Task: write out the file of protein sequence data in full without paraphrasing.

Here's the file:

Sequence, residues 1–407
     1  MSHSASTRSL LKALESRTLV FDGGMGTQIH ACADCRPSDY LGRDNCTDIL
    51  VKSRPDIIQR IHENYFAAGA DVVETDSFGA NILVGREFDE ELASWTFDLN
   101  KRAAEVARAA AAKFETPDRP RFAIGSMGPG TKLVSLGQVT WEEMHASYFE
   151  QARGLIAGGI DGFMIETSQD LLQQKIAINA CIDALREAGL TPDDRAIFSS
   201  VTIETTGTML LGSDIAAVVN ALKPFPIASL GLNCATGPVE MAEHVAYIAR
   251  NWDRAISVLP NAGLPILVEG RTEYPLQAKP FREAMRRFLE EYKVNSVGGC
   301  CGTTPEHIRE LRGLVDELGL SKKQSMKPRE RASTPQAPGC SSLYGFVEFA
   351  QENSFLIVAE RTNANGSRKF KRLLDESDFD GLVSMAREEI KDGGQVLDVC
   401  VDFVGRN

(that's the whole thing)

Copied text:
Sequence, residues 1–407
     1  MSHSASTRSL LKALESRTLV FDGGMGTQIH ACADCRPSDY LGRDNCTDIL
    51  VKSRPDIIQR IHENYFAAGA DVVETDSFGA NILVGREFDE ELASWTFDLN
   101  KRAAEVARAA AAKFETPDRP RFAIGSMGPG TKLVSLGQVT WEEMHASYFE
   151  QARGLIAGGI DGFMIETSQD LLQQKIAINA CIDALREAGL TPDDRAIFSS
   201  VTIETTGTML LGSDIAAVVN ALKPFPIASL GLNCATGPVE MAEHVAYIAR
   251  NWDRAISVLP NAGLPILVEG RTEYPLQAKP FREAMRRFLE EYKVNSVGGC
   301  CGTTPEHIRE LRGLVDELGL SKKQSMKPRE RASTPQAPGC SSLYGFVEFA
   351  QENSFLIVAE RTNANGSRKF KRLLDESDFD GLVSMAREEI KDGGQVLDVC
   401  VDFVGRN